The cloud isn’t really the cloud without some additional functionality beyond the ability of creating a virtual machine to run your software.
The cloud isn’t just somebody else’s data center either. A short definition might be.
A Cloud solution is one where the software solution or service available over the internet and the user has the ability to allocate or deallocate this on own their own without the involvement of IT. Usually the cloud solution can expand or contract as required.
The National Institute of Standards and Technology has a slightly bigger, and much more elegant definition of what Cloud computing is – Cloud computing.
The part of this definition that I will be focusing on today is the ability of a cloud solution to expand or contact as necessary. Amazon refers to this as elasticity and make it possible by allowing you to setup Autoscaling.
The ability to launch or shutdown an EC2 instance by uising system statistics such as CPU load to determine if more or fewer instances are required.
If it were only that easy in practice. In order to take advantage of autoscaling the programs need to be written in so that it is possible to have multiple programs or processes running independent of each other. This doesn’t have to be a difficult task however, this may be an undertaking for monolithic legacy systems that have certain expectations.
Setting up Autoscaling is a two part process. The first part is to define a launch configuration (ie a template) describing how each machine should be configured. This would probably to use one of your previously created AMI’s which would probably have your most if not all of your software configuration.
For brevity sake, I will skip a few of the screens for creating the launch creation. The reason is that these steps should be familiar as they are the same as setting up a EC2 instance.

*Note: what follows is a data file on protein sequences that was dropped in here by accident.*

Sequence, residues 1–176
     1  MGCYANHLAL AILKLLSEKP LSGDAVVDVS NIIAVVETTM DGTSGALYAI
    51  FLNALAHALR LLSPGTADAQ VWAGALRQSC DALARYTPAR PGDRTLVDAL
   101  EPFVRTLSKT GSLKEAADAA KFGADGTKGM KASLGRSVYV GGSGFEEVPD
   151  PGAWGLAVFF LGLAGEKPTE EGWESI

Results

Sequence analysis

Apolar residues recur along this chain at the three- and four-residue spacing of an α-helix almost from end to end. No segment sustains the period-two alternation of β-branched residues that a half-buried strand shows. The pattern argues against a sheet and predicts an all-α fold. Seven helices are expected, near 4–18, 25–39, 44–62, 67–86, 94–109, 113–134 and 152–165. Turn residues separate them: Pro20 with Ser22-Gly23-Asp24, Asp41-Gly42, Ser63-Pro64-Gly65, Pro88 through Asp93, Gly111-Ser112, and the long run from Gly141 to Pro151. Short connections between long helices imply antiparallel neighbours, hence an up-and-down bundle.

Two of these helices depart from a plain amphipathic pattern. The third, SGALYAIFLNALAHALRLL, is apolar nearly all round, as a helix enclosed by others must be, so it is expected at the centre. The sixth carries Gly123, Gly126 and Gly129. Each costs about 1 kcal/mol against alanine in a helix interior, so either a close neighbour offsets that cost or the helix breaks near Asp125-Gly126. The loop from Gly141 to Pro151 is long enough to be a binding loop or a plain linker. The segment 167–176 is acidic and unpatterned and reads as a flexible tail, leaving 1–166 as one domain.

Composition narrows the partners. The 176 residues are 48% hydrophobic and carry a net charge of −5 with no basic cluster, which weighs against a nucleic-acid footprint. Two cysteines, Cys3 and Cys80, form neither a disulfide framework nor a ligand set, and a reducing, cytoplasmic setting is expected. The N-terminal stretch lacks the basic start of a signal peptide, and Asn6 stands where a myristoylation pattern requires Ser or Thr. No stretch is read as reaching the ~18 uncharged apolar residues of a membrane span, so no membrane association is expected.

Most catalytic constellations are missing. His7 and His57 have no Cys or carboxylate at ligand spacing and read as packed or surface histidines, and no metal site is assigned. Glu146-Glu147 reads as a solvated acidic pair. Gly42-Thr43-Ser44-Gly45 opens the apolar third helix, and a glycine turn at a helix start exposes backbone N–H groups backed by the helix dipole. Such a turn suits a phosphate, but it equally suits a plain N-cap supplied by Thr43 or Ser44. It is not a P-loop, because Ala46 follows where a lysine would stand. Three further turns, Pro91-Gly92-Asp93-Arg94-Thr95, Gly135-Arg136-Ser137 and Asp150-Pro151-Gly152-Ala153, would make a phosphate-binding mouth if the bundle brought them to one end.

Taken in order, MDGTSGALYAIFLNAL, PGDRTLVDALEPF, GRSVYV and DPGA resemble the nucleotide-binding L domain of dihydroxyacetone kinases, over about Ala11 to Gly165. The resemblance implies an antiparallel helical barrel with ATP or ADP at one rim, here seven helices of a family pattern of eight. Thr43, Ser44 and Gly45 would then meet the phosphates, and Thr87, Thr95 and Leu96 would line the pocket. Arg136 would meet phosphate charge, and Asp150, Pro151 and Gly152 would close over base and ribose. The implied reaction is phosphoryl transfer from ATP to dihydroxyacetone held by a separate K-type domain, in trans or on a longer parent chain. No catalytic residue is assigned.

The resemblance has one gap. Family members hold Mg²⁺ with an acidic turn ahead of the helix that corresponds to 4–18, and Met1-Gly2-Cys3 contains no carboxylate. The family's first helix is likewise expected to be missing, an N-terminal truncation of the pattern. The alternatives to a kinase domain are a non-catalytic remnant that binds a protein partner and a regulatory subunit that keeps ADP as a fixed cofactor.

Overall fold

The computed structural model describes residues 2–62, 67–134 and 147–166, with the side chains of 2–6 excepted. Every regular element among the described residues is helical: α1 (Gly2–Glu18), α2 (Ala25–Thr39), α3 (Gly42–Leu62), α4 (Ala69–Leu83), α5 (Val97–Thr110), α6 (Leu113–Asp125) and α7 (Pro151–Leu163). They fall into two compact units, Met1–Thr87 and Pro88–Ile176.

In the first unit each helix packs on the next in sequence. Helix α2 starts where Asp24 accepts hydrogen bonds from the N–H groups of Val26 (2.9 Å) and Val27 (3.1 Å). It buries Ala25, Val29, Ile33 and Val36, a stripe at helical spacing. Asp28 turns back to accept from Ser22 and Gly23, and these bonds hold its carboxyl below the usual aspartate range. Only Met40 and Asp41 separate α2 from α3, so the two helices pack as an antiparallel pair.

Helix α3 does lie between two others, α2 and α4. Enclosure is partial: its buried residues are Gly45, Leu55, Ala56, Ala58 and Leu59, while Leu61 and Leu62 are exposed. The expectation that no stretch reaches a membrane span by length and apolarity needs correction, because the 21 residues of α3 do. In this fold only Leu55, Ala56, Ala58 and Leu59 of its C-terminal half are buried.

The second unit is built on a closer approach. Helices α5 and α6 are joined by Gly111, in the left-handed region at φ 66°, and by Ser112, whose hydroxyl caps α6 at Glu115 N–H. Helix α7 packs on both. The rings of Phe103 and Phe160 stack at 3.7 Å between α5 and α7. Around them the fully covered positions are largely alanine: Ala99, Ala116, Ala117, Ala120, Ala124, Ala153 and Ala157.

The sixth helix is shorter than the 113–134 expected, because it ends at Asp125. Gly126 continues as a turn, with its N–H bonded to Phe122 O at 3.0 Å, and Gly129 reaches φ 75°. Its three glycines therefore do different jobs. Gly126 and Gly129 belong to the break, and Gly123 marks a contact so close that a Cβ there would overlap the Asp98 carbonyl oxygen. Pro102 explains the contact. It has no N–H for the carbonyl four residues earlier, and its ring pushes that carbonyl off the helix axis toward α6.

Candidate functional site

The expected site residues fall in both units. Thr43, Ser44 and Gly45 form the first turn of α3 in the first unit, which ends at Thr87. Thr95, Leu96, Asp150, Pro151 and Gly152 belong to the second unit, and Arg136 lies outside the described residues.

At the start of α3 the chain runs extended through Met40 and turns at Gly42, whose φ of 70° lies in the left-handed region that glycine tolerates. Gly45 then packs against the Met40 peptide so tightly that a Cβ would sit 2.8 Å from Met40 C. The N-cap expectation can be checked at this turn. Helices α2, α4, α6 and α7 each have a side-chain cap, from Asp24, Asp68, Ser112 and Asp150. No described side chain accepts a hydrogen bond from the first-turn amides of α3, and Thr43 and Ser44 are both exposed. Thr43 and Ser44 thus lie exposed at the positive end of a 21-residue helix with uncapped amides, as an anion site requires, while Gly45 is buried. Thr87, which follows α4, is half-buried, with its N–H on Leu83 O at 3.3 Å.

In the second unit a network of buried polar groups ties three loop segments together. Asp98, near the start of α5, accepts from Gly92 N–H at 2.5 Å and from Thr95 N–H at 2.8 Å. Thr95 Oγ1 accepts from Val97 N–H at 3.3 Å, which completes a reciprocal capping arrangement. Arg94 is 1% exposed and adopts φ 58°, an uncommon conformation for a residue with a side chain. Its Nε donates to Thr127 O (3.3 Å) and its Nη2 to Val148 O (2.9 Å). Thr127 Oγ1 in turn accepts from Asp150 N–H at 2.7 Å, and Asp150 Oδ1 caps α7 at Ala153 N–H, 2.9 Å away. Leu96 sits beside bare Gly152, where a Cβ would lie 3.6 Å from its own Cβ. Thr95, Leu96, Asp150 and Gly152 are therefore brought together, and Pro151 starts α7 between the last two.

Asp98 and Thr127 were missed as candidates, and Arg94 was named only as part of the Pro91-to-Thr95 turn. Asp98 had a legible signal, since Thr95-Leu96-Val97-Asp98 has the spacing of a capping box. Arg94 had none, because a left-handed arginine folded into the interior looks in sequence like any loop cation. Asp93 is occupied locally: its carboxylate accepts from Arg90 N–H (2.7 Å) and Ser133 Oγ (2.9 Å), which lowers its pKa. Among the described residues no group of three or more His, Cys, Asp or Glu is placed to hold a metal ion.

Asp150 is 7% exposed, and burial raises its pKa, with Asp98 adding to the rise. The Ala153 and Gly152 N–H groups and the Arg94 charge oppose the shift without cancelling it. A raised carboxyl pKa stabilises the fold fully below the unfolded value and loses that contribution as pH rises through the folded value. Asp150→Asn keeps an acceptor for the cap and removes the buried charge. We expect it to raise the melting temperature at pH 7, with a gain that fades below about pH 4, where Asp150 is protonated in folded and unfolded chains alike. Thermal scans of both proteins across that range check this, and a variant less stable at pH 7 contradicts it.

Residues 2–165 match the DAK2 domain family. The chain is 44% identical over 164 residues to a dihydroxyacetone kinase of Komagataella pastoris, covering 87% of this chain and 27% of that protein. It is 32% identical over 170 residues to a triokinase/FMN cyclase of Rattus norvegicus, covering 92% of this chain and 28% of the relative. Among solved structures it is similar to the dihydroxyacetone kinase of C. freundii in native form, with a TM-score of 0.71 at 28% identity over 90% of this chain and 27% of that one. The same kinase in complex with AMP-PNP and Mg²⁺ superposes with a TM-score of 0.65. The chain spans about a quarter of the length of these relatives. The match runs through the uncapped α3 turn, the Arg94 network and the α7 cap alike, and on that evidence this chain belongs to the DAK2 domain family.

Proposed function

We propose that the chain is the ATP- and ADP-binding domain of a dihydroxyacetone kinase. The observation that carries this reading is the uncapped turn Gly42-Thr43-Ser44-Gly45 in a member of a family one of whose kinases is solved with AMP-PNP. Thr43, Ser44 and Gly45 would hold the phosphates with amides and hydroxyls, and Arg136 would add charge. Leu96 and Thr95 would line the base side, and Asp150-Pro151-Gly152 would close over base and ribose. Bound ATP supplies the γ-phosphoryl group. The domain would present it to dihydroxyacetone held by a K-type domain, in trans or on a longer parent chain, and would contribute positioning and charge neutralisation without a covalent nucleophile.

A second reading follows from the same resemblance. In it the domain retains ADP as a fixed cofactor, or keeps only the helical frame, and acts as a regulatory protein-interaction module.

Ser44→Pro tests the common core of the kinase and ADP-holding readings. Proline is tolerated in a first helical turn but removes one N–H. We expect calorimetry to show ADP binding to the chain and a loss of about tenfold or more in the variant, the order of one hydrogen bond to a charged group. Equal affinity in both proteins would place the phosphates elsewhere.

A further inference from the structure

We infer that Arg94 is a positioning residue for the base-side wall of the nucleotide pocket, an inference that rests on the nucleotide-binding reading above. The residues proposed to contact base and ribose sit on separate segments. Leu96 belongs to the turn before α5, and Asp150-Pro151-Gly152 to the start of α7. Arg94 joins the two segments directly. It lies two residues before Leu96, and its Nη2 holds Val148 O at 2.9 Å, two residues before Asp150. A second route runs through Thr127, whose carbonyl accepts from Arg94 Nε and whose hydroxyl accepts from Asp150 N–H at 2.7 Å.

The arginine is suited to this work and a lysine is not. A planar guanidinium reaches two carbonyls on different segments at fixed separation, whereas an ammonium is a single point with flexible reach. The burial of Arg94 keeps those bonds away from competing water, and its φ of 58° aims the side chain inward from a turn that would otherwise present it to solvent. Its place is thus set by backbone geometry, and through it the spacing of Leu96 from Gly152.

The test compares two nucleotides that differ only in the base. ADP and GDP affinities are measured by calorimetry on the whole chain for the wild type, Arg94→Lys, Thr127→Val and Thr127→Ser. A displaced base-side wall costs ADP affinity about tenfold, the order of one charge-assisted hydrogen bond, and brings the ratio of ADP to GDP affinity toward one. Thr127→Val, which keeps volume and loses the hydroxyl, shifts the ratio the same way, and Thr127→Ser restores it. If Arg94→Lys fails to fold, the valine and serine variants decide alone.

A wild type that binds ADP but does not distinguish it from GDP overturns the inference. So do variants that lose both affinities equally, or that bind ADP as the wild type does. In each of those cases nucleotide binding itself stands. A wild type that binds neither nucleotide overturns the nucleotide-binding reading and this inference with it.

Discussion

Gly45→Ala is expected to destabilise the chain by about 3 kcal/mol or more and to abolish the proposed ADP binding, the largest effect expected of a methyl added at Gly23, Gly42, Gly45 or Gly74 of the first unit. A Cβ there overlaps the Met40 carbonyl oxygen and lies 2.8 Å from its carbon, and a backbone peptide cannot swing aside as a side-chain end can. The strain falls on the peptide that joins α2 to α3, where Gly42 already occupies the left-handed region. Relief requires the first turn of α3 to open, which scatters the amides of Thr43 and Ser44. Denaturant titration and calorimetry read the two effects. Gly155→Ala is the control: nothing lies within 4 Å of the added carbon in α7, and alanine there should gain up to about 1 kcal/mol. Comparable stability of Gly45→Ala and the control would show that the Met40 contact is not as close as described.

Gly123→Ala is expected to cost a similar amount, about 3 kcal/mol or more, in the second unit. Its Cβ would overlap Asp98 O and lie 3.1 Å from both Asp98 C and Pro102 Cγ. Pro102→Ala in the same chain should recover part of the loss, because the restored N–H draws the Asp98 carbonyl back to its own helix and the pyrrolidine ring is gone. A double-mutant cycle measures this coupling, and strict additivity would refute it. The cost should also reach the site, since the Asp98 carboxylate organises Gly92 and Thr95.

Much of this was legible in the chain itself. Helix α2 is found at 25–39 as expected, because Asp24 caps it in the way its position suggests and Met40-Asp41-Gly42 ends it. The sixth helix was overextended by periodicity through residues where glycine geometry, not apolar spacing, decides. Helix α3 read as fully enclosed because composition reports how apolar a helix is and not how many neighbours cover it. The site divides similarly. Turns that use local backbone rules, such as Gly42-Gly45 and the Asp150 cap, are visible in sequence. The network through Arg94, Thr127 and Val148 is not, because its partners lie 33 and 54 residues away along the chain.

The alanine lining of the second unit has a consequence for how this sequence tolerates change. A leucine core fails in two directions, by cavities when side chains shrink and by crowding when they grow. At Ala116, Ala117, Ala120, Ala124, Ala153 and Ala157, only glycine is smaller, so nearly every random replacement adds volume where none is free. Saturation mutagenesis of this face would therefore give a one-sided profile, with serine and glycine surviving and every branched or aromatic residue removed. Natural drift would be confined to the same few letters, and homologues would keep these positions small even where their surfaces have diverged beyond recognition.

First we give our launch configuration a name.
Once everything has been selected, we do a quick verify that all tags, storage and such are correctly defined.
Auto Scaling Group
I cannot say if it is good “style” that AWS automatically launches in the creation of a scaling group once your launch configuration has been setup, however, it certainly is convenient.
First you give your auto scaling group a name, decide how many instances should be in the group, pick a network and decide which availability zones will be used when autoscaling. The Amazon literature is pretty specific that for a high availability solution you would want your solutions to span availability zones when possible to counter the unlikely chance that a AZ goes down or becomes unreachable.
The scaling policies is the location where you get to decide on how big your solution should scale. You do have the opportunity to keep your group size the same as previously defined.
Doing so would be the equivalent of a high availability solution. This guarantees that AWS will launch a new instance if for any reason your existing instance(s) go down.
You also decide what metrics will be used when deciding to increase or decrease the number of instances you have.
You can see that I have decided that 45% cpu utilization should be the signal to create another EC2 instance.
You can also see that if the overall CPU utilization goes below 25% then AWS will decrease the number of EC2 instances that are running.
Once you have setup everything for your group (notification and tags not displayed here), then you get a chance to verify that you are satisfied with the setup.
The non-obvious step here is that once you actually create this group then AWS will proceed to create everything for you. This is in one sense exactly what you want, however, it does make it impossible to create the group setup and then trigger once you are ready.